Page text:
We all keep hearing about how brands need to get real. To be in touch with what's happening out there with their campaigns. Some call these 'social campaigns.' I prefer calling them ads which talk about real issues. Real issues stemming from country, culture, beliefs and needs.
Now, essentially there are different types of 'campaigns for social good.' The first type uses the message to take a social stand while promoting products or services. The second is strongly focused on driving awareness for a real cause or issue.
Brands taking a stand are creating more impact in people's minds. Beyond changing perceptions, this has been effective in cultivating discussions and highlighting matters which truly deserve attention, eventually inspiring the consumer to take some kind of action.
In fact, taking a stand can have all kinds of effects. It can unite people and at times divide them. Brands need to be a bit cognizant about the fact that divisive topics are not always successful, and vice versa.
Another way for brands to gauge how their target audience will react is by identifying which issues matter most to them. This is where social listening tools can help provide the insight they need to work with, enabling them to join the conversation, raise awareness and influence in a meaningful way.
Whether a brand is going to drive social change, or simply watch it go by, is up to itself. Their message must provide intrinsic value by inspiring, educating or enlightening the audience on why the issue is important to both the audience and the brand itself.
On one hand, we see ads from Tanishq being trolled, on the other we see ads like Not Just A Cadbury Ad and Facebook's Pooja Didi being applauded.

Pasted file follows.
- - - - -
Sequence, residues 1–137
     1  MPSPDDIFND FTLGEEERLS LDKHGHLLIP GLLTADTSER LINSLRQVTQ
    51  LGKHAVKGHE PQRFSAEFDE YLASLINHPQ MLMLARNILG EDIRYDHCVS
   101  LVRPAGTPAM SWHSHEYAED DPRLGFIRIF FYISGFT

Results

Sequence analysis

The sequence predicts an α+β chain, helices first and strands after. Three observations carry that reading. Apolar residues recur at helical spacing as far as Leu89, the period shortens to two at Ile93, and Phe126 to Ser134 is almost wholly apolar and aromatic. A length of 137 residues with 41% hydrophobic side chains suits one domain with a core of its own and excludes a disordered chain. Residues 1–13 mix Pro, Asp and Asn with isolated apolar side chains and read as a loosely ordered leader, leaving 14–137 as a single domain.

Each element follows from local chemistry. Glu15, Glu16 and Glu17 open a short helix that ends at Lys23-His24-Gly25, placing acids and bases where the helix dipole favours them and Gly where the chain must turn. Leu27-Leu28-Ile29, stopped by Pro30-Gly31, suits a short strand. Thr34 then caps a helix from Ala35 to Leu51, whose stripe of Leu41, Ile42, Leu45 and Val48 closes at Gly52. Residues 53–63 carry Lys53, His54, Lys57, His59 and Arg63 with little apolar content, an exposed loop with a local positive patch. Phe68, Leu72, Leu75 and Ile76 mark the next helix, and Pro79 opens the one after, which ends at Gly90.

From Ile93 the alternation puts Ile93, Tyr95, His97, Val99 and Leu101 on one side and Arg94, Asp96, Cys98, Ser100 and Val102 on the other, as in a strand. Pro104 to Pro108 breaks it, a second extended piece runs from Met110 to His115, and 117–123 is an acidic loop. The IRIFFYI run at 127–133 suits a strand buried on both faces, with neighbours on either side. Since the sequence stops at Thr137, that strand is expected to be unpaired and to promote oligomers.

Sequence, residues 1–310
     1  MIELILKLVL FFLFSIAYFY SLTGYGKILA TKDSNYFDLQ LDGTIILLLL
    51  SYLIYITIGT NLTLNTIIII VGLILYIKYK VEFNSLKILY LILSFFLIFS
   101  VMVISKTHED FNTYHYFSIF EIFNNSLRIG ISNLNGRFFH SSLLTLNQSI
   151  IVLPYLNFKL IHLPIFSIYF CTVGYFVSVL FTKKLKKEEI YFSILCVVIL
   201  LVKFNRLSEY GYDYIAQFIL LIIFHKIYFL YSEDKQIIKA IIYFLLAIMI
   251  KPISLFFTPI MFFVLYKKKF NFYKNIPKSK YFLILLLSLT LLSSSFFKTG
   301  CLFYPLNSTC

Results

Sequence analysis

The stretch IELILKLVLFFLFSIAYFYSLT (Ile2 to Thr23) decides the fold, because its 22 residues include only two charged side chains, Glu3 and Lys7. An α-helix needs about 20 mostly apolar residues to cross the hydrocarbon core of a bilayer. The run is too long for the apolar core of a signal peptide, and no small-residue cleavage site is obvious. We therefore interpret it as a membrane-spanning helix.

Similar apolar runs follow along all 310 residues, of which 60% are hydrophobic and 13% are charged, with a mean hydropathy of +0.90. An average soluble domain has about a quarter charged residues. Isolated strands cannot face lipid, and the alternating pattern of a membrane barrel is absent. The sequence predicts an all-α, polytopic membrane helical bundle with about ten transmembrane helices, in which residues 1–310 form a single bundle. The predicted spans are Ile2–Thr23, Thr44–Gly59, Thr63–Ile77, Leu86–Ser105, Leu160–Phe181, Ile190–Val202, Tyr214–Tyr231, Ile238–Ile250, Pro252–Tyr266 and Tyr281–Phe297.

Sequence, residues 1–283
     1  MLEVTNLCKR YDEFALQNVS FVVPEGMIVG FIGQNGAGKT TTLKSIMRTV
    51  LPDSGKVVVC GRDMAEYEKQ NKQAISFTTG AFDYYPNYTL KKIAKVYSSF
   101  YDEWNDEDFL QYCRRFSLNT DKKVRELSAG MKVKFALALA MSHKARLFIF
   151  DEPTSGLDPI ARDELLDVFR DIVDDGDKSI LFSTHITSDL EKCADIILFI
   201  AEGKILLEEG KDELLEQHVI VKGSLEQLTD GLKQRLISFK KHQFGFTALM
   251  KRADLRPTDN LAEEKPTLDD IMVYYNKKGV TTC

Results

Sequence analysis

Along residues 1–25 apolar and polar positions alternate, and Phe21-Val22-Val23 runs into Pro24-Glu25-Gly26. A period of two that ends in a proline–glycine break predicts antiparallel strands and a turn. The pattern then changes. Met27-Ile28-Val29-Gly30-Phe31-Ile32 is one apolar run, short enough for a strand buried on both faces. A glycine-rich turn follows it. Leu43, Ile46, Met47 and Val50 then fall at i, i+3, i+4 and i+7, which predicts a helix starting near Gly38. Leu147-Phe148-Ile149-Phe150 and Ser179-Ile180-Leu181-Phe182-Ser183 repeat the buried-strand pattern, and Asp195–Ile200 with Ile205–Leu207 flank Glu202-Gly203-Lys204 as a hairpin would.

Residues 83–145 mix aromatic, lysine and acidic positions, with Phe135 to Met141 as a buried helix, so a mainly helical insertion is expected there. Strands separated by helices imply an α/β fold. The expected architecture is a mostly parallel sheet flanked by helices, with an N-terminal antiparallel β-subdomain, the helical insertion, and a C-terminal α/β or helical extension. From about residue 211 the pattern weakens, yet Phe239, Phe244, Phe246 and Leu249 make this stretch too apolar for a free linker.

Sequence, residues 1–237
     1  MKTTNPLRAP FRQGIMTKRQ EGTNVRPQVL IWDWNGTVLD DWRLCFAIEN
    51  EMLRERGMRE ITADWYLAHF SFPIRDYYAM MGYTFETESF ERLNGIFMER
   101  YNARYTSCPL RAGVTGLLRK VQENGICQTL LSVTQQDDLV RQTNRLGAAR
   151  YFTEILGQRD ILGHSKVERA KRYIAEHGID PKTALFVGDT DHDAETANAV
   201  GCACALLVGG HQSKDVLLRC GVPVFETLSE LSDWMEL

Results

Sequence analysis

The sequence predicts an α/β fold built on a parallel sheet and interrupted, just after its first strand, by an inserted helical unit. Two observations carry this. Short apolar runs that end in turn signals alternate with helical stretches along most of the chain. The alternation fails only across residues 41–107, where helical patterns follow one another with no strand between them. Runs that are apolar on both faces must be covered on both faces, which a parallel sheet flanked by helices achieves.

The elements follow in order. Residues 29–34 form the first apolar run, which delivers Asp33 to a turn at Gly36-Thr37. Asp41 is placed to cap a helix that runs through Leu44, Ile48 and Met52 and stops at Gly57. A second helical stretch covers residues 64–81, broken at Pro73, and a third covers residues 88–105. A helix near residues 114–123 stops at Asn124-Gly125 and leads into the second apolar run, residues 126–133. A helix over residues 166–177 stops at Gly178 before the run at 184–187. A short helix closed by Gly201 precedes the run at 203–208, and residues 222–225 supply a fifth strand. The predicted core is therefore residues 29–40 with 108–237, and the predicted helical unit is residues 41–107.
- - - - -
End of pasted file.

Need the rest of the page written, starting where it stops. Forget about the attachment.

For social good
A successful 'for social good' campaign goes far beyond raising product awareness. It can increase customer loyalty, drive engagement and bring in more millennial consideration. The rise of the Internet and social media platforms may also be a cause for this new social motive display in brand culture.
Social media has given everybody the power to react. I call it the 'mob' mentality. We, the consumers, have become extremely reactive and opinionated. Anyone with a computer, smartphone and a social media account has the ability and power to broadcast his or her voice and opinion. And that is not necessarily appreciation or love.
Today's consumers are belief-driven. Unlike traditional consumers, who prioritise price or convenience, they want to see brands that can improve the world while also making a profit. Brands espousing social causes are growing by leaps and bounds and winning a greater share of the pie. Those that sell hope to solve problems are the ones consumers are turning to, and companies which reward that faith will see a leap in their popularity.
Aside from these, there are brands that are solely embracing purpose. They take on generally popular and uncontroversial issues, and do not make any kind of politically painted statements. They incorporate these issues in an advertising campaign, or implement them as an overall brand strategy.
A good example of this is the 'Always Like a Girl' campaign which promotes confidence in young girls, or Dove's 'Real Beauty'campaign which celebrates beauty in all forms, or 'Ariel - Share The Load', which makes us aware about gender equality issues.
Lastly, there are campaigns which pick real issues, not relating them to any product as such. These issues could be environmental or social or cultural. Examples of such ads are 'Separate The Garbage', 'Streedhan', 'Chotu Ka Childhood' and 'Sindoor Khela', each pointing out a relevant topic or evil prevalent in our society, and asking you to help bring about change.
Whichever path a brand chooses, it needs to be authentic and believable more than anything else. The intent is most important; everything else will follow.
(The author is Managing Partner & National Creative Director, Dentsu Impact)